Glasgow Exhibition (1888) – National Galleries of Scotland Commons
- 4 September 2018: Technical Skills for Textual Editing: Understanding Variants. University of Stirling
This training workshop will take doctoral researchers through the processes of setting and printing an Early Modern text using the Victorian Columbian Press, followed by collating this text using the Hinman Collator.
Bringing together Stirling’s Centre for Eighteenth-Century Studies, and Centre for Scottish Studies, Dundee’s Centre for Scottish Culture, and Strathclyde’s Scottish Centre for Victorian Studies, the training will be part of a wider two-day symposium on Textual Editing (Transforming the Theory and Practice of Editing) at the University of Stirling.
The first part of the workshop, led by Kelsey Jackson Williams with assistance from PhD students Jill Dye (Stirling) and Mhairi Rutherford (Dundee and Stirling), will demonstrate how variants come about, while the second part of the workshop, led by Emeritus Professor John Drakakis with assistance from PhD student Lorna Wallace (Stirling) and Jennifer Robertson (Strathclyde and Stirling), will demonstrate how a modern editor discovers variants, and will foreground the editorial decisions s/he must then make.
Registration details coming soon.
- 27 April 2018: Crime Fiction(s): Victorian and Neo-Victorian Narratives of Crime and Punishment. Edinburgh Napier University.
The SCVS is delighted to be co-sponsoring ‘Crime Fiction(s)’ at Edinburgh Napier, organized by Lois Burke, Helena Roots and Anne Schwan. Speakers include Benjamin Poore and Zoe Alker. Registration is now open. Please register as soon as possible by following the link below. There is a regular delegate rate (£25) and a concessionary rate (£10) for postgraduates and early career researchers without permanent employment. You will also find a brief description of the conference schedule on the registration page:
- 15 February 2018: The People’s Voice Launch Event
This free conference marked the launch of the People’s Voice website, funded by the Carnegie Trust for the Universities of Scotland and created by staff at the Universities of Glasgow and Strathclyde. This is a free online resource essential for anyone interested in the popular political culture of Scotland in the nineteenth and early twentieth centuries. The details of over a thousand poems, online song recordings and essays and schools resources are included in the database, which was officially launched at the conference.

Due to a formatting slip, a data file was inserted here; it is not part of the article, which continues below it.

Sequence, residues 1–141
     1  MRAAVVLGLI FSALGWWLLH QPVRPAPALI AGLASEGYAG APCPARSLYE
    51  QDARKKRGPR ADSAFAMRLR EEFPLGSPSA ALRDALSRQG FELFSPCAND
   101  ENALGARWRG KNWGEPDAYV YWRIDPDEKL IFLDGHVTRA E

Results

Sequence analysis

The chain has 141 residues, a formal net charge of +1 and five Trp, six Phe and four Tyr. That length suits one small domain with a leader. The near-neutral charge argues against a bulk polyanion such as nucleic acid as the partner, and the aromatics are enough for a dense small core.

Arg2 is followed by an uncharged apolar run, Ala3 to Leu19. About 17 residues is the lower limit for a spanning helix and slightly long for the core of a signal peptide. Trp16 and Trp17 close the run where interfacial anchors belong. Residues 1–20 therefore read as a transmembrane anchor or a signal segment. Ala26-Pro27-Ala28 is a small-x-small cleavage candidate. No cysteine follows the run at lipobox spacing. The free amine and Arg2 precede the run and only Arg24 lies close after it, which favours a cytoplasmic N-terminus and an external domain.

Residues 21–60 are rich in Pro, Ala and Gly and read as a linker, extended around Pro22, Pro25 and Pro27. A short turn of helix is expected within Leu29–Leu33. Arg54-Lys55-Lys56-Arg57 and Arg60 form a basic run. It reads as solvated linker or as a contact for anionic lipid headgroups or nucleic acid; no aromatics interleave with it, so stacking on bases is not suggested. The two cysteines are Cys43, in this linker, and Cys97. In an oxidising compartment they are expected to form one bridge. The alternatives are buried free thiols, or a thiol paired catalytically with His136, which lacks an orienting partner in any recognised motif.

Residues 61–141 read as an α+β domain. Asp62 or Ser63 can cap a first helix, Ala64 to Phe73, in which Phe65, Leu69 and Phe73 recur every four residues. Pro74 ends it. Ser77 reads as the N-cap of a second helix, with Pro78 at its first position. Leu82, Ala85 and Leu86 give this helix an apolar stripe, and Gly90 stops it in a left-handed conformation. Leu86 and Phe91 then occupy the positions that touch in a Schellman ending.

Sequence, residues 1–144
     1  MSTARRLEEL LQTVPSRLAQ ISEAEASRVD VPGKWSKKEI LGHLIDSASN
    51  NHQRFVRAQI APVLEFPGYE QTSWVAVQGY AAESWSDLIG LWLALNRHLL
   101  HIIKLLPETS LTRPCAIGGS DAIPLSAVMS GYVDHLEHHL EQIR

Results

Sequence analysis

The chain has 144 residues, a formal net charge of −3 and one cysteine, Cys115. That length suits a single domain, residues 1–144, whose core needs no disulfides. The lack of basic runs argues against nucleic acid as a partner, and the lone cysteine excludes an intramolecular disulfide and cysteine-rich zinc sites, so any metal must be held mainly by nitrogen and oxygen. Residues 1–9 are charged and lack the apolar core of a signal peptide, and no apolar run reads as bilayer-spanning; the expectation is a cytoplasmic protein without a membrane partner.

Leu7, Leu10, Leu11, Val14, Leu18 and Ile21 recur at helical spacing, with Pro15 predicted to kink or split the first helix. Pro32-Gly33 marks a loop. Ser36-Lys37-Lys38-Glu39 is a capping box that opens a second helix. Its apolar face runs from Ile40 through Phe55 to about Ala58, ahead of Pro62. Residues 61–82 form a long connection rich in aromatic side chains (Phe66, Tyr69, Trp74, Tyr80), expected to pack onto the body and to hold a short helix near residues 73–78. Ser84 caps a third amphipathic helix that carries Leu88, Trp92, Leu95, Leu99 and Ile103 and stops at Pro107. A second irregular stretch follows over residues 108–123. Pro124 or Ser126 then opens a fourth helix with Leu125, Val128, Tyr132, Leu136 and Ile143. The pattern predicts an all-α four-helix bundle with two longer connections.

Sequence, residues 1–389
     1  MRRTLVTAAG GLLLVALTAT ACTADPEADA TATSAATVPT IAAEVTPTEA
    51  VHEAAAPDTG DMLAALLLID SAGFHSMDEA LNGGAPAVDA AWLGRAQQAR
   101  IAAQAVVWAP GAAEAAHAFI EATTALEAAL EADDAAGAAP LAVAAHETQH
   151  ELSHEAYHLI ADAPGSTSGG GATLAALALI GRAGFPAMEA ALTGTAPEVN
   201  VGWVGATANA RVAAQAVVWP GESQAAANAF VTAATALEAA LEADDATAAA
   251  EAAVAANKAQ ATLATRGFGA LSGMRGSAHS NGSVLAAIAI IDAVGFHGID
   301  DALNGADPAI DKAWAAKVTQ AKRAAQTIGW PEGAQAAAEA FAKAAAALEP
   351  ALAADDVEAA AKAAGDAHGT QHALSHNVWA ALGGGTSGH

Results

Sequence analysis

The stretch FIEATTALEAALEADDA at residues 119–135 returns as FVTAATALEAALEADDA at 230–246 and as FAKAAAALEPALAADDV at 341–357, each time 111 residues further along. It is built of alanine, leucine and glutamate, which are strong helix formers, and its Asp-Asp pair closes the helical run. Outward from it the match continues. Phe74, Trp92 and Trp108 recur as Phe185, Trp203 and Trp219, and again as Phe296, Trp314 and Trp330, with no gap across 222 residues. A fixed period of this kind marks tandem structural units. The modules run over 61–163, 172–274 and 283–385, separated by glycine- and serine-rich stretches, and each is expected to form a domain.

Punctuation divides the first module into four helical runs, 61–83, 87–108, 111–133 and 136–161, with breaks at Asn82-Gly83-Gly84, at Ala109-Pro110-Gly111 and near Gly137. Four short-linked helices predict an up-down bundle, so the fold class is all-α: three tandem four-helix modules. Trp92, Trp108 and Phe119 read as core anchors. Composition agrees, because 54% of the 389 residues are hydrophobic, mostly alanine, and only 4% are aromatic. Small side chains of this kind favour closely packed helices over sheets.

Full programme: Launch Event Programme.
- 24 November 2017: Codes and Signals. University of Strathclyde
An SCVS workshop with Prof Caroline Arscott (The Courtauld Institute of Art), Prof Clare Pettitt (KCL) and Dr Oliver Betts (National Railway Museum).
This half-day interactive workshop explored Victorian coding, messaging and signalling. Drawing on expertise from the ‘Scrambled Messages’ AHRC project (http://www.scrambledmessages.ac.uk/people/) and the National Railway Museum, it will investigate Victorian communications technology and its meanings for different users.
27 October 2017: The Occult in and Beyond Victorian Scotland. University of Stirling.
Sir William Fettes Douglas, The Spell (1864). National Galleries of Scotland.
A one-day conference in collaboration with the Centre for Scottish Studies at Stirling.
Full schedule is available here: Updated Programme
- 6 June 2017: Poetry at the Polls: Election Verse from Scotland’s Past
7:30-9pm at the Glad Café, Glasgow. Free entry.
Join us for an evening of scurrilous, satirical, comic and tragic poems from historical elections, hosted by the University of Glasgow and Strathclyde team behind the ‘People’s Voice’ project. Come to listen or bring your own election poems, old or new.
Supported by the Carnegie Trust for the Universities of Scotland and the Scottish Centre for Victorian and Neo-Victorian Studies.
Event poster: Poetry at the Polls
- 22-23 June 2017: Victorian Impacts
A two-day event at the Universities of Glasgow and Strathclyde. Organised under the aegis of the Scottish Centre for Victorian and Neo Victorian Studies.
How does knowledge move between universities and the communities in which they are geographically located?
How is knowledge transformed as it moves through institutional and civic contexts?
What are the Victorian roots of these patterns of knowledge mobility?
This event brings together Victorianists interested in the relationships between universities and civic, regional or professional communities in the nineteenth century and the present day.
The first day will focus on investigating how knowledge moved between these groups in Victorian Britain. The second day will be an opportunity to think about the ways in which current Victorianist research projects are dealing with impact and knowledge mobility.
Prof. Mark Llewellyn (Director of Research, AHRC; Strathclyde)
Prof. John Bowen (University of York)
Dr Rosemary Golding (Open University)
Dr Heike Jöns (Loughborough University)
Dr Lucinda Matthews-Jones (Liverpool John Moores University)
A full schedule is available here: Victorian Impacts schedule
Attendance is free. To register, please email Elsa Richardson (University of Strathclyde): email@example.com
For further information, please email Alice Jenkins (University of Glasgow): firstname.lastname@example.org
Conference poster: Victorian Impacts poster